The final issue regarding the dog sniff is Rico's reliability. In Ludwig, we suggested that "[a] dog alert might not give probable cause if the particular dog had a poor accuracy record." 10 F.3d at 1528. As the party seeking to suppress the evidence, Mr. Parada bears the burden of proving the dog is unqualified. See United States v. Clarkson, 551 F.3d 1196, 1203 (10th Cir. 2009). Officer Oehm testified that Rico had completed a training course and was certified as a narcotics dog by Detector Dogs International. The only evidence Mr. Parada submitted concerning Rico's reliability was an affidavit from a defense expert who concluded that "[t]he methodology used to train, maintain, and use this detector dog in the field does not comply with scientific principles demanded by the use of operant conditioning" and does not comply with "established industry standards of dog training and utilization." Rec., vol. 2, doc. 280 at 6. There is nothing in the record indicating that Rico had not been fully trained and certified. In fact, Rico has a certification and there is no evidence that he had a poor accuracy record or that his certification was ever revoked. See United States v. Kennedy, 131 F.3d 1371, 1376-77 (10th Cir. 1997). Based on this record, we are not persuaded the district court's finding that "at the time of the search, Rico was adequately trained and certified and in good health" was clearly erroneous. Rec., vol. II, doc. 278 at 6.
Sufficiency of the Evidence
Mr. Parada also contends the evidence presented at trial is insufficient to support the jury's finding of guilt. We review sufficiency of the evidence challenges de novo, viewing the evidence in the light most favorable to the government. See United States v. Brown, 200 F.3d 700, 704 (10th Cir. 1999). We reverse only if no rational jury could have found each element of the crime beyond a reasonable doubt. See id. "We must not weigh conflicting evidence or consider the credibility of the witnesses, but simply determine whether the evidence, if believed, would establish each element of the crime." United States v. Vallo, 238 F.3d 1242, 1247 (10th Cir. 2001) (quotation marks and alteration omitted).
Under this standard, the evidence is sufficient to support Mr. Parada's conviction. To support a conviction for possession with intent to distribute, the government must establish the defendant (1) knowingly possessed the controlled substance and (2) possessed it with the intent to distribute. See United States v. Carter, 130 F.3d 1432, 1440 (10th Cir. 1997). "To prove conspiracy, the government must show: (1) two or more people agreed to violate the law, (2) the defendant knew at least the essential objectives of the conspiracy, (3) the defendant knowingly and voluntarily became a part of it, and (4) the alleged co-conspirators were interdependent." United States v. Small, 423 F.3d 1164, 1182 (10th Cir. 2005).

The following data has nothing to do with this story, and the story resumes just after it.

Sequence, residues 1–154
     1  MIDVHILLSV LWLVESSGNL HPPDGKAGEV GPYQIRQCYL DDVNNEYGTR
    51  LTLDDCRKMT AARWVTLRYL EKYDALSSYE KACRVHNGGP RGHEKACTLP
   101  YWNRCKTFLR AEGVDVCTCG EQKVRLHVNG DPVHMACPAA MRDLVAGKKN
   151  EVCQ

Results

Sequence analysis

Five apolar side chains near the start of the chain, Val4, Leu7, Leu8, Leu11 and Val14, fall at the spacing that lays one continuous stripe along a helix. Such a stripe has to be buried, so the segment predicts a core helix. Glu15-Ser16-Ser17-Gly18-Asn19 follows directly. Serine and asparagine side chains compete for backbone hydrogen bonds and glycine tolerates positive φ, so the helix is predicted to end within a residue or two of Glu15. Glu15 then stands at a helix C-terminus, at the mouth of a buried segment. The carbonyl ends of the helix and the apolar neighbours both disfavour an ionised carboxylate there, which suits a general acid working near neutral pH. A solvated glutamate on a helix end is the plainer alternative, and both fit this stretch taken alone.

"The possession of the controlled substance may be actual or constructive. Constructive possession may be established by circumstantial evidence and may be joint among several individuals." United States v. McKissick, 204 F.3d 1282, 1291 (10th Cir. 2000) (quotation marks omitted).
Based on the evidence introduced at trial, considered in the light most favorable to the government, the jury reasonably could have concluded that Mr. Parada both possessed PCP with intent to distribute and conspired to possess PCP with intent to distribute. Mr. Parada was found in the vehicle with a very large quantity of PCP — valued at $448,000 — together with his co-conspirators. The government introduced evidence at trial showing Mr. Parada planned the cross-country trip, purchased the cooler in which the PCP was stored, met the alleged supplier to receive the drugs, indicated knowledge of the cooler's contents, devised a cover-up story following the group's apprehension, and complained about the amount of money he lost when the police seized the drugs.
Mr. Parada disputes the credibility of Bradley, the government's chief witness, but as we have explained, "reassess[ing] and reweigh[ing] the testimony" of a witness would be in "contravention of this court's [prior] rulings." United States v. McIntyre, 997 F.2d 687, 708 (10th Cir. 1993). Moreover, "the uncorroborated testimony of a co-conspirator, so long as it is not incredible or unsubstantial, is sufficient evidence on which to base a conviction." Id. We hold the evidence is sufficient to support Mr. Parada's conviction.
The cases upon which Mr. Parada relies are factually distinguishable. In United States v. Riggins, 15 F.3d 992, 994 (10th Cir. 1994), where we held the evidence insufficient to support the conviction, the only evidence supporting the conspiracy conviction was the defendant's presence in the van where narcotics were found and the gifts she had previously received from her mother, an alleged co-conspirator with a history of previous arrests. Likewise, in United States v. Anderson, 981 F.2d 1560, 1564-65 (10th Cir. 1992), the conspiracy conviction was based on an isolated transaction involving a small quantity of drugs, and there was no testimony from an informant, undercover agent, or co-conspirator regarding the defendant's involvement in the conspiracy.
For the foregoing reasons, we AFFIRM Mr. Parada's conviction.